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Pictures can be pretty, but without seeing the thought and process that goes into defining and solving a problem, it’s impossible to know if the result is successful.

Starting with some very recent work (still in-progress, to be precise) I hope to build a showcase that can communicate the process as well as the result.

The problem: Science’s cross-site search was built on Google’s Custom Search product, which was phased out in March 2018. A completely new back-end was constructed in-house, and a new front-end was needed to complement the new functionality and solve problems with the existing search that we learned about through user feedback.

The solution: We explored several options including a SaaS search platform and even just not having a search functionality. before deciding on an approach. The audience for this product is very well defined: scientific researchers of all career stages. We need to connect them with the research content they rely on to stay informed and do their jobs.

Search Revision 1

The first step in a successful search experience is to put high quality results in front of the user as quickly as possibly. For most users, this is the extent of what they need. They’ll hopefully find what they’re looking for and then move on. Most of this happens on the back-end.

Our users have told us a lot about what they expect from a scholarly search, including that they’re willing to drill down to get to what they’re looking for. Researchers expect certain advanced options. We needed to make it easy to understand the pre-search options, as well as how to drill down into results.

One additional feature we knew we’d want from the start is to swap the site’s standard alignment of thumbnail images, from the left-hand side to the right. The result is more scannable text, while keeping the image, which we’ve learned is useful to them.

This quick sketch gets to the heart of what I knew we’d need to deliver: A search field, advanced search options, search results, and refinement options.

Tools used: Marker and paper

Search Revision 2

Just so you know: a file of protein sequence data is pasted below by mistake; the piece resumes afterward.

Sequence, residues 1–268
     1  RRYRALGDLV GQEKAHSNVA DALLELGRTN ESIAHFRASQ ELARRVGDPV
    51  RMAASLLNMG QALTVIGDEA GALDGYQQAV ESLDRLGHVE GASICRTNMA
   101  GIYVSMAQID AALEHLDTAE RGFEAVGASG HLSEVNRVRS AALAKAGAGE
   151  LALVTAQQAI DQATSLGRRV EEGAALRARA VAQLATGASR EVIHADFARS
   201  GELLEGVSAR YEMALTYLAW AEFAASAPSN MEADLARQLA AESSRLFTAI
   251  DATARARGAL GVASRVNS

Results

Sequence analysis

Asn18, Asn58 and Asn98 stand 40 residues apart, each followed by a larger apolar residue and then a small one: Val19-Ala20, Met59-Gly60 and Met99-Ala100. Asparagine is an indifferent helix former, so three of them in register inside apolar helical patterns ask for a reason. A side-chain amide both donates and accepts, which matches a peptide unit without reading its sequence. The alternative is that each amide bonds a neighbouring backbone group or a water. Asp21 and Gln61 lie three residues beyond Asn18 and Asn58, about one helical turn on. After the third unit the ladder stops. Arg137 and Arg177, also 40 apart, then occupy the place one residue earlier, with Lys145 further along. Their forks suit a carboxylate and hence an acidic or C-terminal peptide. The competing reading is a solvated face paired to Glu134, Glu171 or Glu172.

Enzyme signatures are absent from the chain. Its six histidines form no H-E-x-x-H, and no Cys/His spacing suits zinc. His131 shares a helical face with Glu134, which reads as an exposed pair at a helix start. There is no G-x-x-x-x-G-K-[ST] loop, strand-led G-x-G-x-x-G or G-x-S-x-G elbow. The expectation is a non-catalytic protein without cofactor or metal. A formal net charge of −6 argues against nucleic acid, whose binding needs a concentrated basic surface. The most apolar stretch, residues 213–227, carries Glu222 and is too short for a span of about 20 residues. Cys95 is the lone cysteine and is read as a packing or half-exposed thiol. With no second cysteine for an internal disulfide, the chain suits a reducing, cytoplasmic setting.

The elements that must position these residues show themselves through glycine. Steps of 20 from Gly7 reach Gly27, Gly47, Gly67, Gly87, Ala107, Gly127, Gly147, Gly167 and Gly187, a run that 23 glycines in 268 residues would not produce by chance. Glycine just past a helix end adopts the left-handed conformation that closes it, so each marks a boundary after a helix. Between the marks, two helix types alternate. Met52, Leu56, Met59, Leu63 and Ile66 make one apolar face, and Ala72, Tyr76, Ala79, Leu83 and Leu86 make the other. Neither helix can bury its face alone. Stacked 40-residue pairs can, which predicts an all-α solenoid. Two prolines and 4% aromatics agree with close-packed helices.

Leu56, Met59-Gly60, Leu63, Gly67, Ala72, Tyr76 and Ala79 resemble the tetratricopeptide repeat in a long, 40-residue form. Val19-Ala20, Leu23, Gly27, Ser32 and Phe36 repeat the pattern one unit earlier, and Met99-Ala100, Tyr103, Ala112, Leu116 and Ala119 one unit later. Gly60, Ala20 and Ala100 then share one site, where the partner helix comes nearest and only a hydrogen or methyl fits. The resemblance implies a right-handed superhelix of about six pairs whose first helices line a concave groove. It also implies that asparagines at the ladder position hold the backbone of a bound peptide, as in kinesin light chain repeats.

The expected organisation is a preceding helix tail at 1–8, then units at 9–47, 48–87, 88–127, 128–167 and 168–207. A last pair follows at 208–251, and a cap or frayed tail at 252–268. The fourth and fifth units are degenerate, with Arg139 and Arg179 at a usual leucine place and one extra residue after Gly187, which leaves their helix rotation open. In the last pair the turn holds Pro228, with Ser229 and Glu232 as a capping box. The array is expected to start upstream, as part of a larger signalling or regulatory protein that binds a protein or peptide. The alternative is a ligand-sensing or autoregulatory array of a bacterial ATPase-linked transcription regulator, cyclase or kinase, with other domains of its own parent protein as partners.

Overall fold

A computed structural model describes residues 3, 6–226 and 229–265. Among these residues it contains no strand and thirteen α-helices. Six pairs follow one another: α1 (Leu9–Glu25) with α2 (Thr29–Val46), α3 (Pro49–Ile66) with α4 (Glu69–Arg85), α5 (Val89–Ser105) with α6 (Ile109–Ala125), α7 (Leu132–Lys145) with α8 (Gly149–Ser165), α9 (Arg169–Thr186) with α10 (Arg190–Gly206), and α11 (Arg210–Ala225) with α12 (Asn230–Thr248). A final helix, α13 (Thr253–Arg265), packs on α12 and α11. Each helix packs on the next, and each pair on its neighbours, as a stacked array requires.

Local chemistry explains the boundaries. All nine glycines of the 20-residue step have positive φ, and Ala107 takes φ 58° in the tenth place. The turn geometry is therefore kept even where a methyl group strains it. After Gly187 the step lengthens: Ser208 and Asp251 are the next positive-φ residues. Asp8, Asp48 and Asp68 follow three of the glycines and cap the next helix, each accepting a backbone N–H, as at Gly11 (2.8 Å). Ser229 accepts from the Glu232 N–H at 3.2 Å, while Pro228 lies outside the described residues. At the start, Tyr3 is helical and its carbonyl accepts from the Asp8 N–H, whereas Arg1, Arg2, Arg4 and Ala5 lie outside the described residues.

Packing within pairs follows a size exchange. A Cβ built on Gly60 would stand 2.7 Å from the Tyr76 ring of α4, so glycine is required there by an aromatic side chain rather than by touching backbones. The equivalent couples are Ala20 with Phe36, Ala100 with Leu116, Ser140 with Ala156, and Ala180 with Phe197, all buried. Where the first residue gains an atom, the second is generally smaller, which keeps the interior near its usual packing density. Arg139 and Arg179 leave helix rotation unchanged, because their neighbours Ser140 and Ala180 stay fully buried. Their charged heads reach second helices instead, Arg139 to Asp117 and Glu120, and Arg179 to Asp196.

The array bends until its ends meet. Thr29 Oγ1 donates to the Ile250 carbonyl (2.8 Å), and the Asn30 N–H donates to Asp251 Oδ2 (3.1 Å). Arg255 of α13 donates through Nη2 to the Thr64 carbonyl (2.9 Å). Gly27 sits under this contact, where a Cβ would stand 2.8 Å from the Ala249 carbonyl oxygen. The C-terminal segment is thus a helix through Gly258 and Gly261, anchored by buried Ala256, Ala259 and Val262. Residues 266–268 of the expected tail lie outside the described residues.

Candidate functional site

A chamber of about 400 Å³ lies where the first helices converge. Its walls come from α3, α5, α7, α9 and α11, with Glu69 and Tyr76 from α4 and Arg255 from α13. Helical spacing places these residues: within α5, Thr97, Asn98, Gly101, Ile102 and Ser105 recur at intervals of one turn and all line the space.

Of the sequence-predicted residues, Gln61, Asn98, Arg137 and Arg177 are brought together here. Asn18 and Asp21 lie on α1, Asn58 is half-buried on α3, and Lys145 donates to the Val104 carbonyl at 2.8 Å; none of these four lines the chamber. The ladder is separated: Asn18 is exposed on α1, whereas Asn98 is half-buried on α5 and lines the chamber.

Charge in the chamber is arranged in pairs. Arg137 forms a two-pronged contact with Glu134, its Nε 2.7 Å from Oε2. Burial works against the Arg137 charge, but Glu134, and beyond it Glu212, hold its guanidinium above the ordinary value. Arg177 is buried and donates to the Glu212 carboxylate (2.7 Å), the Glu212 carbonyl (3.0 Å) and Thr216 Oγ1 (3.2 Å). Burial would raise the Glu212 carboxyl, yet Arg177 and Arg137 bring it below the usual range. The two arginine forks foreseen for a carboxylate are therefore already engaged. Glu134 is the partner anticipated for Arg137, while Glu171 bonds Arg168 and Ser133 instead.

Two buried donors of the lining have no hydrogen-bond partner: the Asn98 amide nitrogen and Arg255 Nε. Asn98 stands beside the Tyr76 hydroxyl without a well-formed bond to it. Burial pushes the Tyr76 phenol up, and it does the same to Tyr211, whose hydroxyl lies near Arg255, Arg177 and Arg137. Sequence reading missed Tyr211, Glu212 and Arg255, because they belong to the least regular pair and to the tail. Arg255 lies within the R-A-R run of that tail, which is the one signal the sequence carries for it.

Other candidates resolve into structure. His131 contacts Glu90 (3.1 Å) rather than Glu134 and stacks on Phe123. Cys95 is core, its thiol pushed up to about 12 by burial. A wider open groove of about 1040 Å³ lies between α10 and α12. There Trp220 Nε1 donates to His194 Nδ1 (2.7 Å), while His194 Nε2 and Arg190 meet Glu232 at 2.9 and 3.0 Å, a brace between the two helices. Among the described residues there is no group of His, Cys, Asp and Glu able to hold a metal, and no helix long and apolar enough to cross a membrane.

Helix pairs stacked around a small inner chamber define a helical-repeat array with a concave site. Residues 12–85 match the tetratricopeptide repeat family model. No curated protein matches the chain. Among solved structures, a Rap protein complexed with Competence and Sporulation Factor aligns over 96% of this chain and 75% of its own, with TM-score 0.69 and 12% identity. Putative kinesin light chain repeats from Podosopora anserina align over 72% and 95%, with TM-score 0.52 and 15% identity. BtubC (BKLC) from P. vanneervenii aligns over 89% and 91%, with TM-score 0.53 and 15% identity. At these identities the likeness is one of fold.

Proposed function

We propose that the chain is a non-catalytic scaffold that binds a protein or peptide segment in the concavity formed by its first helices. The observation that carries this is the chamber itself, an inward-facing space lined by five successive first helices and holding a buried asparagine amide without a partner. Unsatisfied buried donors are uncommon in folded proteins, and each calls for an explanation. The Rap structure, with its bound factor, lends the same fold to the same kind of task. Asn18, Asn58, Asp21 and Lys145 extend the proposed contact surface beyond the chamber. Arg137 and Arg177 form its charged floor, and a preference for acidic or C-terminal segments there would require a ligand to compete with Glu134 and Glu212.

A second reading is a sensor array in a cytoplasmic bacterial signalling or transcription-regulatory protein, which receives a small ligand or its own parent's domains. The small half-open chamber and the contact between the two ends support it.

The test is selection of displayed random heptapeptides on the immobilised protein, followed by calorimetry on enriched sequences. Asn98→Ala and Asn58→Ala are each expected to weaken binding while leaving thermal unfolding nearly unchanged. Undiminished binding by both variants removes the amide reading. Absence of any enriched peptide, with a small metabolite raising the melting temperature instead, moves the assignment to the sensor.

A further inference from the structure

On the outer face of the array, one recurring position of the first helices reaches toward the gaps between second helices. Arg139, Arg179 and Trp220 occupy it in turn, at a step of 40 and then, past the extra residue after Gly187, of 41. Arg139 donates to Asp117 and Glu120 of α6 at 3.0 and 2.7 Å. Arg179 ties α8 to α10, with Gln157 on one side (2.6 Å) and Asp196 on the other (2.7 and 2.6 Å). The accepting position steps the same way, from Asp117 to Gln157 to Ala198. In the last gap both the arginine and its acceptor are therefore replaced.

The second revision takes specific field options into account and fleshes out the layout of the form. We experiment with a two-column layout instead of three, a top-left to bottom-right flow with the results appearing below the advanced form.

Tools used: Marker and paper

Search Calendar

Around this time, I also started to explore the more complicated form elements. Science’s content archive dates back to 1880, and a simple, yet powerful, date picker is essential to searching a range of dates.

Tools used: Marker and paper

Search Revision 3

The third revision builds on the second, focusing on the functionality of the fields and takes the existing layout of the site further into account. Additional detail in the margins uses information taken from discovery and requirements documentation. We’ve validated our basic concept and refined to the point where markers and paper won’t be of much more help. Time to commit this to the screen…

Tools used: Marker and paper

Search Revision 4

The fourth revision takes the concepts from the third and fourth revisions, and moves them to a Sketch wireframe. The fields are further refined, and the entire work begins to take on more of the look of the actual site design.

It was always going to be difficult to get all of the essential elements and functionality enough visibility to allow for discoverability, so we gave the three-column layout from the second revision another try.

Tools used: Sketch

Search default form Search Final

The final design revision shows the form in both default and complete states. As the user performs a search, the facets appear inline below the fields they relate to. Time constraints dictated that we needed to begin development at this point. After a round of validation with internal users with a simple prototype (not shown, sorry), we were ready to start front-end integration.

So what's next? Time constraints dictated by the sunsetting of Google Custom Search and the need to keep pace with the back-end engineering necessitated a light touch when it came to up-front research. A impending initial release means we can now begin a second phase, with a baseline experience in place. Now we begin learning from what we have and plan for future iterations…

Tools used: Sketch

The first release launched with many of the planned features. We decided to hold back on a few features, however, and start collecting data and direct user feedback to learn what was really necessary. The initial goal was to put high quality results in front of the user as quickly as possibly, and in this the launch was very successful.

We've been collecting a good amount of direct feedback and behavioral data since the launch, and we've learned a few things. The most striking issue was that while performance is excellent in the United States, we've received a substantial amount of feedback indicating real problems in China. It's on the agenda to track down in the near future.

The date picker also turned out to have some real accessibility challenges associated with it. We know from conversations with some of our vision-impaired users that this is a common problem. We hope to fix it by relying on the new HTML5 datepicker input.

Finally, we found that we need more options around author names. In our testing, we found that a facet might not be helpful since, with 140 years of content, there are hundreds of thousands of names, and a facet could only reasonably show a few. We're exploring the problem, but it's looking likely that we'll need to add a field to search first names and initials. It's a tricky problem that we can't solve entirely on the user end. Even many well-known authors have been inconsistently named in our records over the years.

For now, the work goes on.